Now it’s time to create the second vertical ‘page’ in this editorial. Create a new InDesign document from the template. Go to the Mag+ panel and make sure the ID is the same as the first ‘page’ but change the 1 (after the ID name) to a 2.
We wanted the editorial to have some interactivity so users could play around with colours (in line with the autumn colours theme). In this case, we wanted there to be eight states of the image shown above, each with different saturation levels. In Mag+, the states are based on different pages in an InDesign document, so our second InDesign document needs eight pages. As before, we placed the background images in the ‘B – Slides – main content’ layer and the text blocks in ‘B – Slides – pinned blocks’.
In Mag+, interactive objects are made using the Feature Builder. Copy the image that you want to attach the interactive functionality to, and paste it into a new Photoshop document of the same size. Make sure the resolution is the same too (in our case, 132dpi).
Go to Layer > New Adjustment Layer > Black & White. Use five different levels for the opacity, saving each image as a new file as you go. We used settings of 0%, 25%, 50%, 75% and 100%.
Point your web browser to feature.magplus.com/en/ to open the Feature Builder. Log in using the same account you created when you registered for Mag+. Click on Images to create a new object and make it the same size as the image area in your InDesign layout. In our case it was 693 x 928 pixels. Click Next.
Choose your ‘feature’ – we used Image Sequence, which allows the user to flip through images in a seamless way. Click Next and import the images you made in Photoshop by clicking on the + Add Images button. Once they’re imported, you can change their order by dragging and dropping.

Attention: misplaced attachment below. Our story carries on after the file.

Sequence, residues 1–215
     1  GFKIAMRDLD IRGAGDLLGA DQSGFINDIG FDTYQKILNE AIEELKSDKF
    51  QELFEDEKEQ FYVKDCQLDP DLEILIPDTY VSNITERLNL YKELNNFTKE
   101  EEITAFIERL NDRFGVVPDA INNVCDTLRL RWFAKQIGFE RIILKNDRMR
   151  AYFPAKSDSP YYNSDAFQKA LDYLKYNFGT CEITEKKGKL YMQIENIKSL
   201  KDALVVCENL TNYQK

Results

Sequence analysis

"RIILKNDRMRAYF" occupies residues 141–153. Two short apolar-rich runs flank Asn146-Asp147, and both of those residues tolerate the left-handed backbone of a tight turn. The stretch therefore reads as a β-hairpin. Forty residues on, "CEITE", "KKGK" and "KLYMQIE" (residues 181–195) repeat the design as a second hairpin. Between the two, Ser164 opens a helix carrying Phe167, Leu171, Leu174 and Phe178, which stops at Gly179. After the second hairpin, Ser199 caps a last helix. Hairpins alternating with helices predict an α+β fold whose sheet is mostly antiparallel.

When your object is done, click on Export and choose a destination folder. This creates a ZIP file in that location. Unzip it.
Look in the unzipped files for the Layout.png image that the Mag+ Feature Builder created and place it into your design, replacing your original image.
Make sure it’s placed at 100% and that it fits correctly in the layout.
Select the image box and go to the Mag+ panel. Change the object type to HTML object. In the URL field, locate the index.html file that the Feature Builder created – it’s in the same unzipped folder.
Redo steps 6 through 10 for each ‘page’ on which you want to use this feature. For issue 2 of C Mode, that meant seven of the eight features that made up our content.
In Step 16 we’ll show you how we assembled the entire issue, though first let’s look at how hyperlink creation works. On the last ‘page’ of the issue we wanted to have links to take the reader directly to stockists or manufacturers of the products in the editorial. To create such links, first group together the bits of text you want to make into links.
Select the group and click on the Link button in the Add section of the Mag+ panel. This will create a blue transparent box over the group. Adjust the size of this object over just one piece of text that you want to be clickable. Only the blue area will be clickable, so make sure it’s not too small.
Type the link you want readers to visit into the URL field in the Mag+ panel. Choose ‘Embedded’ in the Display In drop-down menu, so the link opens within your magazine’s app. (If you choose ‘External’, the app will close and the reader will view the link in Safari.) Repeat by pasting the blue box over each piece of text you want to make into a hyperlink and adding the right URL. Export this vertical layout to the same issue folder as the rest.
Open the Mag+ Production Tool application. Drag all the vertical ‘pages’ from the Clipboard area (where your work is automatically saved) into your issue and place them in the desired order. You may need to click Refresh to see the most recent exports.
When you’re happy, create your finished issue file by clicking the Create Mib button (Mib being the Mag+ file format). There’s more on the upload process for finished issues, and about how to preview them on your iPad, at magplus.com.
Fredrik Oinonen has been working on print magazines such as FHM since 2001. Now art director for Bonnier Digital, he is the head designer at their new tablet imprint they call Boom Publishing. He started using Mag+ earlier this year.